Keep a shoatie. Keep shot.
Edb. 1990:
All I did was keep shot.
Edb. 1992:
If you pick the daffs, Ah'll keep shottie fir the parkie.
Edb. 1993 Irvine Welsh Trainspotting (1994) 7:
He turned tae Raymie, whae wis steadfastly keepin shoatie at the windae. Raymie could detect a labdick in a crowded street the wey that sharks can sense a few drops of blood in an ocean.

11. Used adv. in phr. to begin new shot, new bod, “to begin any business de novo, after one has been engaged in it for a time”, to start all over again (n.Sc. 1808 Jam.), phs. from O.Sc. shot, an aim, target (1644). The phr. new schot, new bod is found in 1535. See also Bod, n.3

12. A brief loan, a temporary use, not necessarily as in Eng. connoting a try-out. Also dim. shottie.n.Sc. 1970:
Gie's a shot o your bike. Can I get a shot o your pen?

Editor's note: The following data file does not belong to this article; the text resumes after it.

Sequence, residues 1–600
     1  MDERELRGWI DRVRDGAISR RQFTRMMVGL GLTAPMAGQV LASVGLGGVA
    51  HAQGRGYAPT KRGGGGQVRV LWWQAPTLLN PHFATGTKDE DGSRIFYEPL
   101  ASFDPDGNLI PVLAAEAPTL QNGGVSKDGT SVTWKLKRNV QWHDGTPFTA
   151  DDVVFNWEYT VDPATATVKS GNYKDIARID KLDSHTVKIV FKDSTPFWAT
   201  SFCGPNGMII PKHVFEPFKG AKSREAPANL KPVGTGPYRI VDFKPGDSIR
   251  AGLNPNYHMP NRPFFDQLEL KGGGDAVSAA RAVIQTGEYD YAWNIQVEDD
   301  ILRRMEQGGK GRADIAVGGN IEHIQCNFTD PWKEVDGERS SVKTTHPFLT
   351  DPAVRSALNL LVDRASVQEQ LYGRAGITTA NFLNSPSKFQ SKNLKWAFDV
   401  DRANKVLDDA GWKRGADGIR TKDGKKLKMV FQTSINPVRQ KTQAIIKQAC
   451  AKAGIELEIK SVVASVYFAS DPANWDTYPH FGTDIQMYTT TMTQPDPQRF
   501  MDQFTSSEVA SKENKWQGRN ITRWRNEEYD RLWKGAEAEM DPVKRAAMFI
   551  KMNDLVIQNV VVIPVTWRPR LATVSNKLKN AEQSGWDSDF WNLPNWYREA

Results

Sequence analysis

Abd. 1985 Robbie Kydd in Alexander Scott New Writing Scotland 3 46:
He tries to say, 'I'll give you a shottie of my note-book,' but half-way through he has to run away.
Gsw. 1985 Michael Elder Stookie 9:
"Ye no' gonny let anyone else get a shot wi' the ball?"
Gsw. 1990 John and Willy Maley From the Calton to Catalonia 2:
Naw, ye cannae get a shot. Because it belangs tae the cinema an ah buy the batteries.
Per. 1990 Betsy Whyte Red Rowans and Wild Honey (1991) 18:
'Give me a shot of your coat,' ...
Edb. 1993:
Don't fight. Hae shots each wi the computer.
wm.Sc. 1993:
Tak shots each o the ba.
Abd. 1996 Sheena Blackhall Wittgenstein's Web 71:
If Spain can gie fowk sunshades, surely tae God (nae offence, yer Reverence) Aiberdeen's Toun Council cud gie the tourists free shotties o umbrellas an kagouls fur the beach.
Gsw. 1999 Jimmy Boyle Hero of the Underworld 53:
'Right, give me a shot,'
ne.Sc. 2000 Herald (27 Mar) 28:
"Fit like? Fit can I get you?" "I'll hae a mug o' espresso, a rowie, a twa-bar electric fire, and a shot of yer Crombie coat please."